One more thought
– even though this is one person who prays,
• the presence of others play a crucial role in his life before God
• in both his breakdown and his recovery (v. 22)
– there is a type of communication that links human hearts and minds
• when people feel safe enough to talk without fear
and others are compassionate enough to listen without judgment
◦ a primary ingredient in these conversations is is empathy
• for Paul, life in community leads to having same mind (Ro. 12:3-16)
◦ he encouraged the Philippians to be of one mind (Php. 1:27; 2:2)

When a community (or family) has this sort of integrative conversations
– each individual’s mind is moved toward integration and wholeness
This has happened for us in our weekly practice of lexio divina
(sacred, prayerful reading and sharing of scripture)

By the end of his song, the poet is no longer alone
– he has rejoined the people of God in the worship of God
• he is on his way toward integration and wholeness

Conclusion: Yesterday morning I was feeling stressed over today’s message
(I didn’t have one!)

Also, my granddaughter, Addison, added a little extra stress
– for a couple of weeks she’s been begging me to attend her dance recital
• I’ve explained that Saturday is a workday for grandpa
◦ I promised to be there, providing God worked a miracle
◦ and I had a sermon outline completed in time
• but my mind kept going to all the kids who have no one to who shows up for their little league games or exhibitions
◦ and also how important it must have been to Addison that I be there
– I took a deep breath and loosened my grip–physically and mentally
• I felt a certainty that all would be well
• and that the outcome did not depend on me,
◦ as God has been faithful to show up for me over so many years
So I went, and Addison and her sister Adrianna were the stars of the show

When I first began practice of contemplative prayer,
– God lifted a depression that had lasted for decades
• most of my old anxieties disappeared
• but what I did not anticipate was all the new anxieties!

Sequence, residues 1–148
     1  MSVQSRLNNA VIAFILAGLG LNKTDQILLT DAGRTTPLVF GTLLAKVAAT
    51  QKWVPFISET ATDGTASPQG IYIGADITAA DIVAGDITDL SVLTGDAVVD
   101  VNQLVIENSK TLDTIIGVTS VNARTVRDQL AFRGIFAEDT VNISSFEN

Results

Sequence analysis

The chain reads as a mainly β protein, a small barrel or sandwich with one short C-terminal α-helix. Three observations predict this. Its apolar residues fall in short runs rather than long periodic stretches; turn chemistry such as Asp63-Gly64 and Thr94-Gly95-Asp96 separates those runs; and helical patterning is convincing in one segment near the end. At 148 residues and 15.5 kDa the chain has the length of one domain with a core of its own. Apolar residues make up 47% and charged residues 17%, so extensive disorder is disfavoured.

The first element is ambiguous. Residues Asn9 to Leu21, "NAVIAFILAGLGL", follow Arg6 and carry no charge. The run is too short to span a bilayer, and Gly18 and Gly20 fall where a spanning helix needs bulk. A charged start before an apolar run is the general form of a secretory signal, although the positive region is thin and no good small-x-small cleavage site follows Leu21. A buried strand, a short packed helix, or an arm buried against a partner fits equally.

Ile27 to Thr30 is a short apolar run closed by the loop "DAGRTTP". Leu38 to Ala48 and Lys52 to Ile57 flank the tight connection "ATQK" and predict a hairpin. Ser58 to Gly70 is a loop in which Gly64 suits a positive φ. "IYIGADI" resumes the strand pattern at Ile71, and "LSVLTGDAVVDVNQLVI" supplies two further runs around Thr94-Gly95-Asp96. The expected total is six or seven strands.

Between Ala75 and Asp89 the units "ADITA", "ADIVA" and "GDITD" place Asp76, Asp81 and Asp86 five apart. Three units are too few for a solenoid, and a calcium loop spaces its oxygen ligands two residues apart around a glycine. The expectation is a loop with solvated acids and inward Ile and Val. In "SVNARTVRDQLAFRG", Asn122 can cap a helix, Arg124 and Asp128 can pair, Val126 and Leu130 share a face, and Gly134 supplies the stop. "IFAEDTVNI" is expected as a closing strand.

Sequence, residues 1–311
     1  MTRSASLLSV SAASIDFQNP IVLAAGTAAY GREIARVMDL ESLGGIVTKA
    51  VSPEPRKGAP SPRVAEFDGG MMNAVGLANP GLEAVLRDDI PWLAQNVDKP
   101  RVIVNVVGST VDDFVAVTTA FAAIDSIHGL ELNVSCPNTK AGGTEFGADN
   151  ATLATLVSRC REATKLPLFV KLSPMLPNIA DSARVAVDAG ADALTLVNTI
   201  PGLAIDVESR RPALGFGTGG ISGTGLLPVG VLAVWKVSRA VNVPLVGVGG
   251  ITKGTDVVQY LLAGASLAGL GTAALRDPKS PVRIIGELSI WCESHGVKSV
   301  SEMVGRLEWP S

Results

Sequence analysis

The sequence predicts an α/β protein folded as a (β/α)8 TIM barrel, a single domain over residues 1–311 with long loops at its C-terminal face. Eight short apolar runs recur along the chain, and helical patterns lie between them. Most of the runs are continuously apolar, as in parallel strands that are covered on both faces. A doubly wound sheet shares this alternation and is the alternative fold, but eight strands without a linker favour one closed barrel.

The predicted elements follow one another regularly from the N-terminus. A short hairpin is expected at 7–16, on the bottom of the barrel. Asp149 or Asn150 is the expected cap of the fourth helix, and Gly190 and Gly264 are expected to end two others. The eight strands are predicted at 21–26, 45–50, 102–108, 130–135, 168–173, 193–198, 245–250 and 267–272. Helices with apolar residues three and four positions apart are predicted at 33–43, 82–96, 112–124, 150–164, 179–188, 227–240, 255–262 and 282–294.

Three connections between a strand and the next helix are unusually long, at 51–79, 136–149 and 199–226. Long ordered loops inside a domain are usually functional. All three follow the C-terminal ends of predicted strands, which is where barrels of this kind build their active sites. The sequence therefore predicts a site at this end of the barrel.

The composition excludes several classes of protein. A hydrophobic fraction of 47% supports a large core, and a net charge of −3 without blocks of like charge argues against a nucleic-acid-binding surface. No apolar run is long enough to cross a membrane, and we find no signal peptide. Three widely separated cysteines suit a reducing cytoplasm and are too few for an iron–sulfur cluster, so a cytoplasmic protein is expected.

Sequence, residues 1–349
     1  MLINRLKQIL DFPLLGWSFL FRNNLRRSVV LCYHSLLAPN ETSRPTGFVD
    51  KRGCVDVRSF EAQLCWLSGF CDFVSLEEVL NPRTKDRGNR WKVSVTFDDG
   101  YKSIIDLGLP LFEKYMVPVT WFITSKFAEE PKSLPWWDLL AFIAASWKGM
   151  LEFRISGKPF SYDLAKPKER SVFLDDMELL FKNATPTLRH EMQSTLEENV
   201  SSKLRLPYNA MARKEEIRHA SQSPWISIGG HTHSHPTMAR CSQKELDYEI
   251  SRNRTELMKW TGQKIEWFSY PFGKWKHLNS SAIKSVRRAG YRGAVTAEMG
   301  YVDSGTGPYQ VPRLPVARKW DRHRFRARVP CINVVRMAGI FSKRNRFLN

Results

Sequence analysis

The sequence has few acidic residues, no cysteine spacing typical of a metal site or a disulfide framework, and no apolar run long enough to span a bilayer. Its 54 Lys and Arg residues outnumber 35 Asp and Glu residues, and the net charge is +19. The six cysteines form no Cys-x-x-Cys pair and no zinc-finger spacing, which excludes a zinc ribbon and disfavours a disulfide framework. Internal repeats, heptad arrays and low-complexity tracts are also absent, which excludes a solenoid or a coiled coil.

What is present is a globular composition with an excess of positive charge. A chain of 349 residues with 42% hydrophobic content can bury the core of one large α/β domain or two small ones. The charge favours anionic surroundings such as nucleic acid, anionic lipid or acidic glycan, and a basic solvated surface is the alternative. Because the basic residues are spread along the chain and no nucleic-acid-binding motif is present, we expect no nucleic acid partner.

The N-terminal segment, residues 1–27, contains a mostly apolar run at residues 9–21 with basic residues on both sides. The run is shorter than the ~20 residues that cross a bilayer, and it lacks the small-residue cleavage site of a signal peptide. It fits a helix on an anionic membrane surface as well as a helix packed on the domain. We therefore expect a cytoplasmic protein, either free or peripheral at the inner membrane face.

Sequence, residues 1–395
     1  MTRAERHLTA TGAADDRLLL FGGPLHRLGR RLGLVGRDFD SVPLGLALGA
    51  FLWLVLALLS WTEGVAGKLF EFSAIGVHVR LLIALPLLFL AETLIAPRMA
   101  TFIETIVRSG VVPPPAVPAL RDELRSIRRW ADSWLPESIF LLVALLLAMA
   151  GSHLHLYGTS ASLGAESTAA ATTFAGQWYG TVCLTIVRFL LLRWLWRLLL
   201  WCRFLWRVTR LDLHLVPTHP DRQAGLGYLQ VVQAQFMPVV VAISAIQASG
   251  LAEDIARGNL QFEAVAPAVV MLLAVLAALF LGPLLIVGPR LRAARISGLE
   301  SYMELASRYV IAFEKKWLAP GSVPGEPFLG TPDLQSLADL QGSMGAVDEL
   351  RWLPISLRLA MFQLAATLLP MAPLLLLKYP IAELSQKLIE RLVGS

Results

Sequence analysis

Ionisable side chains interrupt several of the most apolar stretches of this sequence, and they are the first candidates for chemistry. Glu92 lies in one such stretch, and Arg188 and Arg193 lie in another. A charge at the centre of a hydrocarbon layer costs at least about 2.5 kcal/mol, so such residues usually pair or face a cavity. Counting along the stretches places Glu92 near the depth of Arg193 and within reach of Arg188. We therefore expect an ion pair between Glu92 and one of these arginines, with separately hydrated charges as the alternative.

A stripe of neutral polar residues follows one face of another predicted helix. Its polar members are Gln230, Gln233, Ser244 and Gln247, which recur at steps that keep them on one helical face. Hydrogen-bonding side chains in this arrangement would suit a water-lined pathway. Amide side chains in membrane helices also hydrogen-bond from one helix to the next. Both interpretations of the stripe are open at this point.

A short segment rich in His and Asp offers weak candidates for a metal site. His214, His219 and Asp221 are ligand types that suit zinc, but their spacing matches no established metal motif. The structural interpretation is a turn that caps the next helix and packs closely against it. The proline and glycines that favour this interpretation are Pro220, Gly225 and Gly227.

◦ or that my nervous system is incapable of achieving trust as a steady state
◦ I assumed my mind would have the flexibility to deal with every new anxiety
• yesterday, this psalm walked me back into trust
(notice how many times the poet mentions it in the poem–three times in just two verses; 2 & 3)
◦ trust changes everything – not because it’s an effective psychological tool
◦ but because there really is Someone present who is trustworthy
In you our fathers trusted;
they trusted and you delivered them

After meditating on trust in vv. 3-5 and 9-10, and during my contemplative prayer,
– I realized that God gives us “trust moments”
• when all we have to do is rest in him and enjoy the experience of trust
• an infant at its mother’s breasts is just such a trust moment
◦ this particular example evokes a feeling (comfort, security, nurture)

But I have calmed and quieted my soul,
like a weaned child with its mother;
like a weaned child is my soul within me
(Ps. 131:2)

– in those trust moments we:
• learn the feeling of trust
• are receptive to grace and what it brings into our lives
(this is what we mean when we pray, Give us this day our daily bread)
• bond with the One in whose arms we rest
– a trust moment may be sitting on porch during a break from our chores
• or when you allow another person’s words or arms to hold you,
reassure and comfort you
• it can happen in the time you spend in contemplative prayer,
◦ allowing God to breathe his love into you

Trust moments clear our heads,
calm our emotions,
renew our strength
Trust moments recollect pieces of our minds
when they have been scattered by headlines and deadlines
Trust moments integrate mind and body
in a concentrated focus on our Lord Jesus Christ